Professor Tariq Ramadan Adds Blessing to Muslim Scholars Call to Dialogue to World’s Jewish

Professor Tariq Ramadan Adds Blessing to Muslim Scholars Call to Dialogue to World’s Jewish

Monday 25 February, world-renowned Muslim scholar Professor Tariq Ramadan publicly signed a statement to the world’s Jewish Community calling for peace and understanding. The Letter has received the support of Muslim religious scholars and leaders from around the world and has already been welcomed by international Jewish leaders.

The event took place at the Woolf Institute’s Centre for the Study of Muslim – Jewish Relations (CMJR) in Cambridge, UK . The initiative behind the Letter comes from the Muslim scholars of CMJR, Dr Amineh Hoti and Sheikh Michael Mumisa who collaborated with leading Muslims from the UK and Overseas. The Letter describes itself as ‘a call for positive and constructive action that aims to improve Muslim—Jewish relations’.

Following a lecture on the ‘Nature of God’, Professor Ramadan spoke of the significance of the Letter: ‘I really think that this Letter is a signal that we are ready to call for dialogue…We need to get beyond ‘tolerance’ which is saying that ‘I put up with you but I would rather you were not here’ to a mutual knowledge and a mutual respect.’ He described dialogue with Jews as ‘a risk but a necessity’. Rabbi Jonathan Magonet, who responded to Professor Ramadan’s talk, said this was a significant moment in the Muslim-Jewish encounter.

The letter has already been welcomed by Jewish leaders. Rabbi David Rosen, International President, Religions for Peace and Advisor on Interfaith Relations to the Chief Rabbinate of Israel has said, “”I wholeheartedly welcome this most important initiative on the part of Muslim scholars and representatives. The striking commonalities of Islam and Judaism and those historic periods and places of remarkable cooperation and cross-fertilization between the two faith communities, have been tragically overshadowed and even hijacked by modern politics. The benefits from respectful dialogue and cooperation between the Muslim and Jewish communities can be a blessing not only to the communities themselves; but can have a profound impact on wider even global relations between religions and peoples, contributing to the well being of human society as a whole.”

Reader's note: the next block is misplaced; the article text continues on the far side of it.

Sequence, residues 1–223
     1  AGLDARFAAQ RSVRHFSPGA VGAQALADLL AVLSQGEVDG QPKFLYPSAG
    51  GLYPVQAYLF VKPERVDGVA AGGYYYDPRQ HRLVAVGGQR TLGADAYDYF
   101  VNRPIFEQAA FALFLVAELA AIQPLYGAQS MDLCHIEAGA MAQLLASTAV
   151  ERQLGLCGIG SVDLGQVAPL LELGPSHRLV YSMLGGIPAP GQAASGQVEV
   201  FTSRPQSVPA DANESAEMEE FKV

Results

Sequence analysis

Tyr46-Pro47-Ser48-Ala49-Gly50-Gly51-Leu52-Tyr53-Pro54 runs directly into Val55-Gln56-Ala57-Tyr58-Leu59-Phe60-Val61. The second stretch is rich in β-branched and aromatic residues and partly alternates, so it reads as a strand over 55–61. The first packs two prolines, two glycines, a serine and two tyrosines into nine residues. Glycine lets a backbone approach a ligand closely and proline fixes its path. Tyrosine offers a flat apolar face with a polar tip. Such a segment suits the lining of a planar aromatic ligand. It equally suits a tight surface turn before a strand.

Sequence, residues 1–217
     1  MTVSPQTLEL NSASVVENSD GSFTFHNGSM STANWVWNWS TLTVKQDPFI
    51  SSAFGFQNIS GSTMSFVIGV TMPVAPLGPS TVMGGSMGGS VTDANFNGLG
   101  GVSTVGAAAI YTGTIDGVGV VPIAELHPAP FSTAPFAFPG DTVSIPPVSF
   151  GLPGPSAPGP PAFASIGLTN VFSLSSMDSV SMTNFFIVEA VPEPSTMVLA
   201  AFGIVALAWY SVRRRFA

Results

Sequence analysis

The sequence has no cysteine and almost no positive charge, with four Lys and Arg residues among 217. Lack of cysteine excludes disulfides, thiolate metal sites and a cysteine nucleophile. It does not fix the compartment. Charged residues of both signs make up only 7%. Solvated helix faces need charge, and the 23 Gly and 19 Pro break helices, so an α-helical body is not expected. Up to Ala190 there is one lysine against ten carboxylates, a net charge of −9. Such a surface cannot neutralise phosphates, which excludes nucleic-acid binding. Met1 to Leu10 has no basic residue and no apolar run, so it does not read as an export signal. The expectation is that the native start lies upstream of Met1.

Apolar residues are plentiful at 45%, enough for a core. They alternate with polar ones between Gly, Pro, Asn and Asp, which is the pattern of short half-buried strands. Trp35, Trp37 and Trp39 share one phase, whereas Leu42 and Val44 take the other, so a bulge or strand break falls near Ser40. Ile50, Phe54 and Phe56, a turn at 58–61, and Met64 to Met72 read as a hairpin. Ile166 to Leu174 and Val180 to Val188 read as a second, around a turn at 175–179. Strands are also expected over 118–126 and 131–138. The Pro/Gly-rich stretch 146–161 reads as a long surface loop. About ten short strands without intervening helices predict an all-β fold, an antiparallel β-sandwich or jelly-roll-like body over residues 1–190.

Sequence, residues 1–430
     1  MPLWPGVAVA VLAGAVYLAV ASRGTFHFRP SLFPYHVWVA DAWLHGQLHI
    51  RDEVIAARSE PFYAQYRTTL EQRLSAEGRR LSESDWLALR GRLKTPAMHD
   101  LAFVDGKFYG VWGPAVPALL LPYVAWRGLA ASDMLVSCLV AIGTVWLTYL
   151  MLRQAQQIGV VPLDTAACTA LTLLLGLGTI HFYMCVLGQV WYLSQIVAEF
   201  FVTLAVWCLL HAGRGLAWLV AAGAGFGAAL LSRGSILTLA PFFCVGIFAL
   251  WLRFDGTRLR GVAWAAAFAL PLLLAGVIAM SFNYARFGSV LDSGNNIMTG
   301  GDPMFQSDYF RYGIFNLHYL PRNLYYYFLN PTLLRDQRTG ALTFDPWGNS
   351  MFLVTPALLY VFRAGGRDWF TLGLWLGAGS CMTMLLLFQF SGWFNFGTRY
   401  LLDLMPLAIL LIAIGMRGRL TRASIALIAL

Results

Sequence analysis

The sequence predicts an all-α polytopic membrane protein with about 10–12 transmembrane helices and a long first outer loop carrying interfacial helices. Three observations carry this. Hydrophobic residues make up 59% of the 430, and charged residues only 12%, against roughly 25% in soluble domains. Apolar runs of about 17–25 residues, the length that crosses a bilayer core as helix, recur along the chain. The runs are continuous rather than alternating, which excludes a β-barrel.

Rabbi Danny Rich, Director of Liberal Judaism has said, “I welcome this letter as an opportunity to strengthen relations between Muslims and Jews who, it seems to me, have more in common than divides them, and who together could contribute to making the world a more decent place for us, our children and future generations to occupy. Liberal Judaism, of which I am the Chief Executive, is deeply committed to pluralism both within and outside the Jewish community, by which it means that ultimate truth is only known to our common Creator and that diversity within faiths and in the community as a whole is of itself of great value. On behalf of Liberal Judaism I am pleased to reassure the writers of the letter that Liberal Judaism will use its best endeavours to respond generously and positively to the letter’s sentiments, and will both meet the challenges and share the opportunities which follow from the letter’s distribution.

Dr Judea Pearl, professor at UCLA and president of the Daniel Pearl Foundation (named after his son, the Wall Street Journal reporter who was murdered by Islamic terrorists in 2002 in Pakistan), describes the Letter as ‘a welcome first step toward the goals we aspire to achieve through interfaith dialogues—peace, understanding and mutual respect. The Centre for the Study of Muslim – Jewish Relations should be commended for opening this channel of communication, especially in view of the fierce resistance that is often voiced against the very idea of dialogue.’ Dr Pearl describes the Letter’s progressive strategy for dealing with contradictory texts in the holy scriptures [i.e., systematically contextualizing morally objectionable texts to outdated conditions in antiquity] as having “the power of ushering reform without challenging the divine origin of the scriptures.’ But he warns that ‘the effectiveness of this strategy depends critically on finding authoritative spiritual leaders who can implement it in practice …Unfortunately, many of these (educational) institutions currently support literalist interpretations which stand contrary to the conciliatory spirit of this Letter, and which are gaining momentum in vast areas of the Muslim world’. Recognizing that the Letter ‘tries hard to avert controversial issues’, Dr Pearl expresses a ‘disappointment, owed to the assymetical language’ of the Letter that proposes: “a peaceful resolution that will assure mutual respect, prosperity and security to both Palestinians and Israelis, while allowing the Palestinian people their rights to self-determination.” Dr Pearl notes that, conspicuously, ‘Whereas the rights of the Palestinian people to self-determination are affirmed explicitly, the rights of Israelis to the same status of self-determination are left undeclared, vulnerable to future assaults by enemies of co-existence.’